I’m such a geek when it comes to bass guitar and gear and everything. I’ve had so many really great people support me, and I’d like to give a little shout-out, obviously to my friends at Tech 21. I’ve been using Bass Boomers since the 80s, and my friends at GHS have been so supportive. I’m a die-hard Ampeg SVT guy. I have not changed my rig since the ’80s. The people at Ampeg have been very kind to me, my friends at IK Multimedia and Arturia. Just a big shoutout to everybody who’s been helping me along the way, and my friends at Fender too, man. Billy at Fender has been so supportive, even though most of my conversations have been around working with Geddy Lee. Traditionally, they’ll say, “Okay, cool, Andy, but what are you up to and how can we help you?” I want to thank everybody for decades of supporting me. Being able to expand tonally has been a lot of fun with Envy of None.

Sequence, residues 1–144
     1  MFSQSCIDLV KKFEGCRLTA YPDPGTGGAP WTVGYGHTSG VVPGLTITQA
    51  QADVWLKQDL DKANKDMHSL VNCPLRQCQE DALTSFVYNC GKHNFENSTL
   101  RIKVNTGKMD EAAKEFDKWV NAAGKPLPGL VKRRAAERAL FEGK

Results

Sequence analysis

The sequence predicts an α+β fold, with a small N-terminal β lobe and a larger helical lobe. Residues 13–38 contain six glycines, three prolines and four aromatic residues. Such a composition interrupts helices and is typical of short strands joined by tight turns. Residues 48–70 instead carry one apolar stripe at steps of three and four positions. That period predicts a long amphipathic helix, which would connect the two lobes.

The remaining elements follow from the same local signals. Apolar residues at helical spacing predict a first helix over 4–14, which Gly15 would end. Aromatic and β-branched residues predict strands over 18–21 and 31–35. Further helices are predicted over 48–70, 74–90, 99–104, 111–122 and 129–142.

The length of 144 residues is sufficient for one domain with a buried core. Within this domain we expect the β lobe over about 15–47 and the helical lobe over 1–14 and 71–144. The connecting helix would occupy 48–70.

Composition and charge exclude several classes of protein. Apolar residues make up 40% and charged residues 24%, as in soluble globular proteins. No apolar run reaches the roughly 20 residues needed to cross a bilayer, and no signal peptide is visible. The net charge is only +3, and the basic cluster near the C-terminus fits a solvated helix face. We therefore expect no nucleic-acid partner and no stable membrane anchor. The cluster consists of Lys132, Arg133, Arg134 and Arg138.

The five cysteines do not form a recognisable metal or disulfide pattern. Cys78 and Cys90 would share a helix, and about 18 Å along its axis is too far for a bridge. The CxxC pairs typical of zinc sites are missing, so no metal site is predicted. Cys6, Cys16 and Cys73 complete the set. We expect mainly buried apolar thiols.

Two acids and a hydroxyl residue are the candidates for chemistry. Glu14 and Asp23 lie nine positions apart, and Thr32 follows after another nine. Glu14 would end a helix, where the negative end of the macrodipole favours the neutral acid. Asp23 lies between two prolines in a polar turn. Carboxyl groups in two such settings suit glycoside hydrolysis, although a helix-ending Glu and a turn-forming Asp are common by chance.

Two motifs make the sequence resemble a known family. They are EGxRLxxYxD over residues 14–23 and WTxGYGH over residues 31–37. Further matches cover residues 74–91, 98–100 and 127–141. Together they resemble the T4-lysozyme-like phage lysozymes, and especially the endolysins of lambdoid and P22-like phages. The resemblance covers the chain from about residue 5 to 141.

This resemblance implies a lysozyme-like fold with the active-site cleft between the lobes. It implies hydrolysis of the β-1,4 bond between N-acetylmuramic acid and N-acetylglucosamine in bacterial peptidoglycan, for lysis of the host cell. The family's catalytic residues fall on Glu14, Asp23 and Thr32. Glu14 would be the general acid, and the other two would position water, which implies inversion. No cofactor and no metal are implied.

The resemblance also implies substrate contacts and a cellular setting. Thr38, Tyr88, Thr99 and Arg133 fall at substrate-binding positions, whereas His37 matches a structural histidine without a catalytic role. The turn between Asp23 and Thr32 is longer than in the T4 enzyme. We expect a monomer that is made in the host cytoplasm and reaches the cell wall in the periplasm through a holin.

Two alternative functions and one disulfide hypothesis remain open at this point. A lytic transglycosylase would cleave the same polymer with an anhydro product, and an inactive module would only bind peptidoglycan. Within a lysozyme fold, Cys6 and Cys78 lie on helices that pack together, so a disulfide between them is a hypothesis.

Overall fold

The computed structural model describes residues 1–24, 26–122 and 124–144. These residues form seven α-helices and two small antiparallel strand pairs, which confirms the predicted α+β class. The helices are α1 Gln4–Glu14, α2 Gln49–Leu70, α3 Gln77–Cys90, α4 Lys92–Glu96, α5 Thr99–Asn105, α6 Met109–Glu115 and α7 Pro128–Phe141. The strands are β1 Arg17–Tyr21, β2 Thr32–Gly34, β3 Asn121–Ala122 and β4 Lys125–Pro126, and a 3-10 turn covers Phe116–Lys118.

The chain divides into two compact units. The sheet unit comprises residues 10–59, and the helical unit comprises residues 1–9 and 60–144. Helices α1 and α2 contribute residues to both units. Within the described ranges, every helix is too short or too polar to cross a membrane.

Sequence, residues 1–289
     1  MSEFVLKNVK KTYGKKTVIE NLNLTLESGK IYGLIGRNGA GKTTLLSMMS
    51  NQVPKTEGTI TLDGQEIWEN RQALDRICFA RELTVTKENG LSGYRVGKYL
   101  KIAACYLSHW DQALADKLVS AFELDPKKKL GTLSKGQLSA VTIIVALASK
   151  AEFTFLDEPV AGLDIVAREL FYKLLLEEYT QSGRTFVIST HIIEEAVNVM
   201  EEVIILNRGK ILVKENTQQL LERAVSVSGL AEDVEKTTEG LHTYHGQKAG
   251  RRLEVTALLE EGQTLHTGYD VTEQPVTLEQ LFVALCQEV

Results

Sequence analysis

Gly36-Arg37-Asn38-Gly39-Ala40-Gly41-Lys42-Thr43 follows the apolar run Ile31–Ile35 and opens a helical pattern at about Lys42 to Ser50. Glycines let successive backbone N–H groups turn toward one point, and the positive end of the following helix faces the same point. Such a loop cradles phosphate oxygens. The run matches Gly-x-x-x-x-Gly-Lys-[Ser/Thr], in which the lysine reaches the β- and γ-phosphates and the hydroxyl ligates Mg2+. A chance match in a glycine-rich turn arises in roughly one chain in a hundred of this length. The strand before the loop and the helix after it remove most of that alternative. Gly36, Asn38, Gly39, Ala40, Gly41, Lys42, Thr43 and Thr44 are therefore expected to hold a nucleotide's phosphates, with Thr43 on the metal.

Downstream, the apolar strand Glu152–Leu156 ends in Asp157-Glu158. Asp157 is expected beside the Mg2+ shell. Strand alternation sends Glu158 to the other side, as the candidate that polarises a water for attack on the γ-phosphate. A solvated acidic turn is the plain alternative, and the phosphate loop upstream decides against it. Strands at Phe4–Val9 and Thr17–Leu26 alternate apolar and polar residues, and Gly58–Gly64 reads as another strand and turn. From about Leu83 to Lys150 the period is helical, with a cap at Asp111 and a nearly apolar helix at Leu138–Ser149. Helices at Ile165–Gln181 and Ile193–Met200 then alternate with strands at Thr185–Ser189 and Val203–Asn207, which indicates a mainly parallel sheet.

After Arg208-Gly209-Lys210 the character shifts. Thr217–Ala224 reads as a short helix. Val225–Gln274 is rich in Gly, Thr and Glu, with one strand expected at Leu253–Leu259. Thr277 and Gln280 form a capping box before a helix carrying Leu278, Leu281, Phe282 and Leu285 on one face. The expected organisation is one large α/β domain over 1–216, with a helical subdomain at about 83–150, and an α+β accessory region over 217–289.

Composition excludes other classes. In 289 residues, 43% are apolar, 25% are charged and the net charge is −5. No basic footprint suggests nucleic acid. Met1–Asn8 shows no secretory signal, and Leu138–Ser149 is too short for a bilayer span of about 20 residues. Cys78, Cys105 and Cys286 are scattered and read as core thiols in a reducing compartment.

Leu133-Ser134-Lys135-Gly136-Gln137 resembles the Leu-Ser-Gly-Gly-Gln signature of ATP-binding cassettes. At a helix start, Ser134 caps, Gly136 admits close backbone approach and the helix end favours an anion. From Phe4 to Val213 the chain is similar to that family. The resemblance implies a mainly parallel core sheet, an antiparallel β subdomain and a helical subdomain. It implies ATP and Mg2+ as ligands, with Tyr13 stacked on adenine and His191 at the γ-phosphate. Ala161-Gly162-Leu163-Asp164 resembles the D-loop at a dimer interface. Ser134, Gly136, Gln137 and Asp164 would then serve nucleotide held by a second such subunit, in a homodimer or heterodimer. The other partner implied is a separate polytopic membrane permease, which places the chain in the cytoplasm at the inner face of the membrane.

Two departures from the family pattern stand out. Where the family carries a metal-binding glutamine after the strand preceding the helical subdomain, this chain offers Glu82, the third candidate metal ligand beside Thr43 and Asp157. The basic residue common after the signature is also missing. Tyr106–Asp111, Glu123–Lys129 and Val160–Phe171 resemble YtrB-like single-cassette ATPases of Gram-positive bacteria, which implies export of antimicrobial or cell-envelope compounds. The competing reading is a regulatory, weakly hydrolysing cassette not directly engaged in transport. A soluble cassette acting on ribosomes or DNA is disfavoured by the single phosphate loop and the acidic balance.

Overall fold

TECH 21 dUg Pinnick pedal + a TC electronic Corona mini Chorus pedal
GHS Bass Boomers 105- 45
2019 Loucin G bass – 59 fender slab style model – Fender neck -Loucin body- veneer top from the Legendary El Mocambo in Toronto
1983 4003 Rickenbacker bass
2001 Fender Custom Shop Jaco Pastorius Relic Fretless Jazz Bass
1967 Hofner Beatle bass + GHS Black Nylon flat wound strings
1982 BC Rich Mockingbird short scale bass